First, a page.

In consultation with the Chief Executive’s Office and the relevant bureaux, I would like to respond to the remaining parts of the question raised by the Hon Kenneth Leung on behalf of the Administration as follows:

(a) All PAOs need to undergo extended checking. The Administration will provide extended checking questionnaires to prospective candidates for nomination to become PAOs. The content of this questionnaire is the same as the one being used in the civil service. The subject undergoing extended checking needs to fill in his/her detailed personal particulars, education background, social activities, employment history, family members, etc. The subject also needs to nominate two referees to facilitate understanding of his/her background, work, family and other relevant situations. The Police are responsible for the checking. Inputs from other law enforcement agencies will be sought as necessary. The checking comprises interviews with the subject, his/her referees and supervisors as well as record checks.

The effectiveness of the extended checking system is based on trust and cooperation of all the parties involved. It is therefore essential to uphold strict confidentiality of the stipulated arrangement or case content, or the relevant detailed information of the checking system.

(b) According to the requirements of the PAO Code, PAOs shall observe the highest standards of personal conduct and integrity at all times; ensure that there is no actual or potential conflict between his official duties and personal interests; avoid putting themselves in a position where they might arouse suspicion of dishonesty, unfairness or conflict of interest; refrain from handling cases with actual or potential conflict of interest; and report to the Chief Executive any private interest that may influence, or appear to influence, their judgement in the performance of their duties.

According to the requirements of the PAO Code, PAOs of all ranks shall declare their different kinds of investments and interests by filling in the prescribed form. The open parts of their declarations are placed on the websites of their respective offices/bureaux for public inspection. The relevant parts also require the PAOs to provide the names and occupations of their spouses. In the confidential parts of the declarations, PAOs of all ranks are required to provide the names of the organisations which their spouses work for.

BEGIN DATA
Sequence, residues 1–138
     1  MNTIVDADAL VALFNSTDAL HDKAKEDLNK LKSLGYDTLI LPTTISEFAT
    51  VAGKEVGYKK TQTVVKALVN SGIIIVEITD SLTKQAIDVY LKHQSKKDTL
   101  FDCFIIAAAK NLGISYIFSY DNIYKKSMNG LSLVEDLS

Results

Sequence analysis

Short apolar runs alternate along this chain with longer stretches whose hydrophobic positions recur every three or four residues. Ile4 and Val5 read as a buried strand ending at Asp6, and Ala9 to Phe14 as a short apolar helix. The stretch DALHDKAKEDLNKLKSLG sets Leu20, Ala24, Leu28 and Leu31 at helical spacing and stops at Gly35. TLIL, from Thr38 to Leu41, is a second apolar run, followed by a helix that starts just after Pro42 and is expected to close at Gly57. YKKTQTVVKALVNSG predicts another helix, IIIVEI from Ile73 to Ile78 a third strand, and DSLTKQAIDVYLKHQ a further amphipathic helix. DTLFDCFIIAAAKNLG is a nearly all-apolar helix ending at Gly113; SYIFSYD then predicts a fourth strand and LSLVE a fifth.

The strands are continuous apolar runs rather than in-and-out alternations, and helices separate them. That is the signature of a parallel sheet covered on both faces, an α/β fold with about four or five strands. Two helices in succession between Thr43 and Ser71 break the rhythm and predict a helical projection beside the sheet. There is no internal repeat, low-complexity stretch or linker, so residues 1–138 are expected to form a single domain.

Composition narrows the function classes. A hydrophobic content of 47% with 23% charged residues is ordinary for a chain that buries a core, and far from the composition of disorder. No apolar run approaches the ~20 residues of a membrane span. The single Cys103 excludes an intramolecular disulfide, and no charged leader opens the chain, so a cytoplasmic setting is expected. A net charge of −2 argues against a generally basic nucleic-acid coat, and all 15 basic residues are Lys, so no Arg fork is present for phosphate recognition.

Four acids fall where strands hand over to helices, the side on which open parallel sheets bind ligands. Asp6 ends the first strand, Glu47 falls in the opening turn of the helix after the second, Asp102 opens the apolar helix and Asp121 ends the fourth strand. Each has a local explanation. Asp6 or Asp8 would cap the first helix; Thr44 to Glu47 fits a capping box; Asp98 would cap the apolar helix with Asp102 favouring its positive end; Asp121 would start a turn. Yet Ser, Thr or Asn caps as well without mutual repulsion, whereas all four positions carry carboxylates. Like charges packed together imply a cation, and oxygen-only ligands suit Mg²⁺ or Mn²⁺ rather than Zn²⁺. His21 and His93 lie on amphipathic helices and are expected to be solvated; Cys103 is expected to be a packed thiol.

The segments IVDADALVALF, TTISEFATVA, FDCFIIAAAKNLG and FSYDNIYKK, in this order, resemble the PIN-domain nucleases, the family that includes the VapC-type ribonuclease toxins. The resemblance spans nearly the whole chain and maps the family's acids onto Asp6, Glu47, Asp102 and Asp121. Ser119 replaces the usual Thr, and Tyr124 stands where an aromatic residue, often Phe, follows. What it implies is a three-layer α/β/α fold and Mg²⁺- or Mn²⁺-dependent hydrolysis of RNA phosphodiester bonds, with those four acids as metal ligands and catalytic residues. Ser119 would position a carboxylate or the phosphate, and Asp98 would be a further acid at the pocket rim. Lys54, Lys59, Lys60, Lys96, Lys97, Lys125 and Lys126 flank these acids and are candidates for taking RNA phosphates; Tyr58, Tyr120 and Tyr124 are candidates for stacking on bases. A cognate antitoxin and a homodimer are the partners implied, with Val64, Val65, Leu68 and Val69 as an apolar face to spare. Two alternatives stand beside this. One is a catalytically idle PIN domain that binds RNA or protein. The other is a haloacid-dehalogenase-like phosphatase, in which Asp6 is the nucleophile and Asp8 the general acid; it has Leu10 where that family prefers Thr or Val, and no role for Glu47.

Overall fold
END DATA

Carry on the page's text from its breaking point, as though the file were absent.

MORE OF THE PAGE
Apart from the above, PAOs, as public officers, would be prosecuted if found committing the common law offence of misconduct in public office. At the same time, PAOs are regarded as “prescribed officers” under the Prevention of Bribery Ordinance (Cap.201) (the POBO). They are therefore subject to the relevant provision in the POBO applicable to the “prescribed officers”. Section 2(2) of the POBO states that a person is soliciting or receiving an advantage if he, or any other persons acting on his behalf, directly or indirectly demands, invites, asks for or indicates willingness to receive, any advantage, whether for himself or for any other person. To remind the PAOs, the relevant provision is included in the PAO Code.

(c) The current declaration system requires PAOs of all ranks to declare their investment, shareholding or direct or indirect interest in any company; their directorships, proprietorships or partnerships in any company; and, if any, the specific details concerning their participation in any private company’s affairs. They are also required to declare any investment and interest held by himself/herself or in the name of his/her spouse, children or other persons, agents or companies, but are actually acquired on his/her account or in which he/she has a beneficial interest. As mentioned in part (b) of my reply, the names and occupations of the spouses of PAOs of all ranks are mandatory items to declare.

PAOs of all ranks are responsible for ensuring that their declarations made according to the requirements of the PAO Code are accurate.